Junot Díaz

An Interview

with Reese Kwon

Junot Díaz is home again, and everyone here seems to know it. From the moment we walk into Harlem’s Café Largo—all tea lights and exposed brick, chicken milanese jostling for menu space with chicharrones de pollo—people rush up to say hello. The hostess greets Díaz by name. The manager gets up from his bar stool and gives Díaz an emphatic handclasp and a how-do. The tall guys at the next table, the former student, the children from the birthday party, the man who leans in from the open window: they all know him, and they want to welcome him back.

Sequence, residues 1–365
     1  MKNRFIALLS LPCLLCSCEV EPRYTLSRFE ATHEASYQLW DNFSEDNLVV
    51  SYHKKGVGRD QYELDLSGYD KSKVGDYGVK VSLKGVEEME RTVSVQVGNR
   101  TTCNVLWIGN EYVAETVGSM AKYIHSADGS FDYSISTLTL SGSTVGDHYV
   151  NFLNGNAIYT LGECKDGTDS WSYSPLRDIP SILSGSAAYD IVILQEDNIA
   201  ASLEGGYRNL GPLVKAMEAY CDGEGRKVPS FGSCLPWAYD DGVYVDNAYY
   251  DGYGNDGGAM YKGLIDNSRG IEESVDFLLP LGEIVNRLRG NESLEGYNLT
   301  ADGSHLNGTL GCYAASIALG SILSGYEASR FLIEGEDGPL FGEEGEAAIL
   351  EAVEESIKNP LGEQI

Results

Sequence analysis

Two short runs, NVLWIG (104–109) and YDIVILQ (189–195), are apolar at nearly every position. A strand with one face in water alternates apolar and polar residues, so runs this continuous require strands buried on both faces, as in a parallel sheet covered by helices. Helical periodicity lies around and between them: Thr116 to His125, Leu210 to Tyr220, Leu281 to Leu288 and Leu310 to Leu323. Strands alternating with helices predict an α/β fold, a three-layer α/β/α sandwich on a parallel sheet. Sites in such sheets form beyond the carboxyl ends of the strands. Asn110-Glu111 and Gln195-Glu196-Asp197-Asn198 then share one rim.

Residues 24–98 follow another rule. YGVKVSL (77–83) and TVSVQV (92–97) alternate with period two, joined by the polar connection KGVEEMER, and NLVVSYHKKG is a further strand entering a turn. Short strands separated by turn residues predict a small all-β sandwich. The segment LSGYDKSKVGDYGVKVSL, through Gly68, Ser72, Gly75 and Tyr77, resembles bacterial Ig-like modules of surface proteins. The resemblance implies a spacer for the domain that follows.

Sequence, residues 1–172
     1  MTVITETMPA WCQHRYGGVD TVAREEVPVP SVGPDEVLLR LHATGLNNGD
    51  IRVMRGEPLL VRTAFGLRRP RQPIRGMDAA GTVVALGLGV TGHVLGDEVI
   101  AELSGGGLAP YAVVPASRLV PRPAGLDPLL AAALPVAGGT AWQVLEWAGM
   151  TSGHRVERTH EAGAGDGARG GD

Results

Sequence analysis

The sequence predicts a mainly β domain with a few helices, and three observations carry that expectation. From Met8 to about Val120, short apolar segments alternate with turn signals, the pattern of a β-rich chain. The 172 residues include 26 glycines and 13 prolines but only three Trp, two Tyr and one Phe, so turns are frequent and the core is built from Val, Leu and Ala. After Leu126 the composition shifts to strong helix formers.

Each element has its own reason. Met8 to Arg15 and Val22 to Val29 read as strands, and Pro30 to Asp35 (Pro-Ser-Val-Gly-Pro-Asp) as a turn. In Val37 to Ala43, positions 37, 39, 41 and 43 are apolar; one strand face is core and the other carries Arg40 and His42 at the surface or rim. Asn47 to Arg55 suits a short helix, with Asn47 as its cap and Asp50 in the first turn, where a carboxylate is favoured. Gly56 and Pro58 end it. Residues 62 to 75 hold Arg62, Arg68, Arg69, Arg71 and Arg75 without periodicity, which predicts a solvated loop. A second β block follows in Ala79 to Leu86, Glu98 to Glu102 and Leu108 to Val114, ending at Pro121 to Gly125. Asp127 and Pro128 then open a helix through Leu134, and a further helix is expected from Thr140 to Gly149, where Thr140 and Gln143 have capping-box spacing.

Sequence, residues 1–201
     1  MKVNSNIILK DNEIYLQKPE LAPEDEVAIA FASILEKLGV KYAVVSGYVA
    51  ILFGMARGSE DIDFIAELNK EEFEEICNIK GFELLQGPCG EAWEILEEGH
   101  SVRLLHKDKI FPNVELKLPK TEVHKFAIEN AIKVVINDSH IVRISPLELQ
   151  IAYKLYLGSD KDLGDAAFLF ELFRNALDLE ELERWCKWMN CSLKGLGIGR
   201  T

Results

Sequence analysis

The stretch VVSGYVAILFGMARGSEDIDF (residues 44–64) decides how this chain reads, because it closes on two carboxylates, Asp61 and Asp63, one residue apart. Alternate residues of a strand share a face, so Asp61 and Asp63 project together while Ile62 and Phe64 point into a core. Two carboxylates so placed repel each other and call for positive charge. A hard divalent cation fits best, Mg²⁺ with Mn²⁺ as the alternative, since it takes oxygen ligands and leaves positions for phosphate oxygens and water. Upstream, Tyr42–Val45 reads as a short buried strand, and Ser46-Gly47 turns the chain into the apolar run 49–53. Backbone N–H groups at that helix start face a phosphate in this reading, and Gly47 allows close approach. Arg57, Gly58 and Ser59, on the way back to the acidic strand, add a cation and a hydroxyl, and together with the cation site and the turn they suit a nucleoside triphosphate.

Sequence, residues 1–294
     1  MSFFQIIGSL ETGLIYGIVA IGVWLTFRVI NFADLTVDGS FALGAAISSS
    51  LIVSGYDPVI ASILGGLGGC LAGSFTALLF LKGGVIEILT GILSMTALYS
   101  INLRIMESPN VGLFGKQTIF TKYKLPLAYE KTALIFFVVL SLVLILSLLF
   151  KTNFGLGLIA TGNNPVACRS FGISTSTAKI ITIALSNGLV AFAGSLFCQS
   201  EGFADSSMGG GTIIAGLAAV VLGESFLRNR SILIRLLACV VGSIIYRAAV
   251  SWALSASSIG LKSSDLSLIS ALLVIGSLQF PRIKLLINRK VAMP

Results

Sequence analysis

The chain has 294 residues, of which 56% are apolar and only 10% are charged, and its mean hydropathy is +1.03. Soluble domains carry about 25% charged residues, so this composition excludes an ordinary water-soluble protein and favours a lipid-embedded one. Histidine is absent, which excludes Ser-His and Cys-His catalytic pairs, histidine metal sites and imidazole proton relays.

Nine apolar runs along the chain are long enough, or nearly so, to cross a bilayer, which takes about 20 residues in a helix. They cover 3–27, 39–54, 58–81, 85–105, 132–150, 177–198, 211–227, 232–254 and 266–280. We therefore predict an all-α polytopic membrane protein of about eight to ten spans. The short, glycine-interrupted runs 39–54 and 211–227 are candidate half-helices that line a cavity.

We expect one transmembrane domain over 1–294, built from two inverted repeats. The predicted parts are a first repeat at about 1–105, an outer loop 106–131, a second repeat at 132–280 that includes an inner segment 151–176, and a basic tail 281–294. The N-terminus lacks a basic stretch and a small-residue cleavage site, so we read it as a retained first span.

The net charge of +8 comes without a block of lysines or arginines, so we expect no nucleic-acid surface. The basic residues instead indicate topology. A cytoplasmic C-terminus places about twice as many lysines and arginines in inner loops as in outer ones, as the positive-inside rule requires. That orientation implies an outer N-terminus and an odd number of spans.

“I haven’t been in here for six months,” Díaz explains. Since the publication in late 2007 of The Brief Wondrous Life of Oscar Wao, his acclaimed first novel, Díaz has been on the move. He was in California yesterday and will be upstate tomorrow. He doesn’t know how long it’s been since he slept in the same bed for two consecutive nights.

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